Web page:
Ruben : Publishing an album under your own, personal, management. Is that a positive thing to do? Does the result thrive without the help of an external producer? I've been asking these questions quite a lot whenever there is an independent release to review. Until now I've had quite a lot of these albums and they made me look positively at the independence of a band. And then came Oceans Of Night with their new album 'Midnight Rising'. My view on the independent management? Time to adjust that again.
Oceans Of Night is a band that emerged from the solo albums of guitarist Scott Mosher. If you have a name like that, Metal has to be your type of music. Besides making music Scott Mosher is a graphic designer and a photographer. He clearly never sits still. That's probably the reason he is also the producer of the release. And that's the biggest problem of this new album right there. Mr. Mosher thinks very highly of himself. He plays the guitars, the keyboards and the bass on the album, which is impressive. Mister also calls himself a “Musical Genius”. If someone with a mindset like that takes on the production of the album, it's bound to have a lack of balance in the final production. That's the exact case here, actually. The vocals are, without any shame, turned down to the background if a nice riff comes on or a bit of awesome keyboard is presented. It's a clear sign that the vocals aren't highly regarded.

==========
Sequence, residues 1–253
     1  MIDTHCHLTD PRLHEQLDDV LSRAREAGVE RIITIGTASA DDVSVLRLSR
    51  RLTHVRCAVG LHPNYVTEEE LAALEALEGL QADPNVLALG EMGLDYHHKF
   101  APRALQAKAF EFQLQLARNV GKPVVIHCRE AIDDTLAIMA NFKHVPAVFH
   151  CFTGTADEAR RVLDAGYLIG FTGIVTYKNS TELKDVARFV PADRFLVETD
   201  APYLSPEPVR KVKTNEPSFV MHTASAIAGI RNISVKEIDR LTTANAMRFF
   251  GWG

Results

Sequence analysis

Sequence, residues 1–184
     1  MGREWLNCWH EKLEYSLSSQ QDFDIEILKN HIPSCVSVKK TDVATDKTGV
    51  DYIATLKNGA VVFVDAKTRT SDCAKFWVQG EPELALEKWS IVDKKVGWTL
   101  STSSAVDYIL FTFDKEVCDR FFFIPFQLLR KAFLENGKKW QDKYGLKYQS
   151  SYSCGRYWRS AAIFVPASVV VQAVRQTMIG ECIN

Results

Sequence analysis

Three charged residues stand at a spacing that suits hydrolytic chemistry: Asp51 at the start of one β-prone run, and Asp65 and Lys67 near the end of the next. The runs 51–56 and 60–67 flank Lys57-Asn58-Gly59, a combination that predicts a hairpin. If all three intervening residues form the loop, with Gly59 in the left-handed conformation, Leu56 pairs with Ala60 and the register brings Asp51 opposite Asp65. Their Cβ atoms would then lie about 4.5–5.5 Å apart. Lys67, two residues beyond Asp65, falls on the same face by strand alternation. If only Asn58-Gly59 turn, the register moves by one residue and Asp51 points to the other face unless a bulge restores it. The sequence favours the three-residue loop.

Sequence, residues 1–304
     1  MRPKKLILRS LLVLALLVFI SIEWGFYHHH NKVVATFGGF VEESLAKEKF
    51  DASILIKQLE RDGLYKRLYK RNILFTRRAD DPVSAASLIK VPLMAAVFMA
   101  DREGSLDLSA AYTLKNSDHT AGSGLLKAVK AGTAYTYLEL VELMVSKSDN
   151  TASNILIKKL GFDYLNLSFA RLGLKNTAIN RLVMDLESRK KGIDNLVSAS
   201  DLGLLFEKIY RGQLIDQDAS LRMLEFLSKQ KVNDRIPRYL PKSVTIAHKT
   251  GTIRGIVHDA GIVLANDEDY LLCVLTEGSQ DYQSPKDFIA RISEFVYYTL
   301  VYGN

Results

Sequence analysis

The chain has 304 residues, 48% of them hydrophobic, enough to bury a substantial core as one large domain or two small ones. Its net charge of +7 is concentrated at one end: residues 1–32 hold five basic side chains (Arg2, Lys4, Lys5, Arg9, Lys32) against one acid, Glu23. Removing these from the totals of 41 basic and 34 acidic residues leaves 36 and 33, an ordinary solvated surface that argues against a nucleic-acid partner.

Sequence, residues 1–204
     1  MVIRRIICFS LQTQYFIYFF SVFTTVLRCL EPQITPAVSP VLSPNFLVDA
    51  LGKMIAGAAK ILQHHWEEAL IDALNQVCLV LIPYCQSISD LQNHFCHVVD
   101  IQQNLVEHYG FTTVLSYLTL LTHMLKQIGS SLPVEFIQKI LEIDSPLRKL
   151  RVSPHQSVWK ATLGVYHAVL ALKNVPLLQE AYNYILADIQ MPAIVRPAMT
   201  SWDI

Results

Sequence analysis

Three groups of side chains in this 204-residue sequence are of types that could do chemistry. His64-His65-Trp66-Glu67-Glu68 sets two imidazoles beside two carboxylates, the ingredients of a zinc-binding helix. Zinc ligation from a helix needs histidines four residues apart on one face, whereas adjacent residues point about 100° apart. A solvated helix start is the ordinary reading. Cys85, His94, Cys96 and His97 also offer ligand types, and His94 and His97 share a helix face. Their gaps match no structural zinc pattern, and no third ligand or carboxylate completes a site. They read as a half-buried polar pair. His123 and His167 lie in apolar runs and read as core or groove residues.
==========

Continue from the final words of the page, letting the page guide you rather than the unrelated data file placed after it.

The vocals are not the best in the world either, to be honest. The reverberant voice of Scott Oliva even gets out of tune here and there. It just doesn't sound right at times. Most songs have a lot of long lasting tones that do not work. Vocally the last song on the album 'Reach Me', with a female singer, is the best. Of course there is an instrumental song on the album 'A World Born Of Fire', to show the skills of Mr. Mosher. Unfortunately he won't set any high standards for other musicians. Especially when compared to co-guitarists like Marty Friedmann or Joe Satriani.
I won't say the music is really bad, it's all right. We've heard it all before, that's the biggest problem. We know most riffs and solo's nowadays. Add the other criticism about the production and the disappointing vocals and you have yourself a mediocre album. Scott Mosher clearly seems to be a busy person, that part is clear, but maybe an external producer could have been an important factor on this new release. Which may result in a much more stable record and a better result than they created now.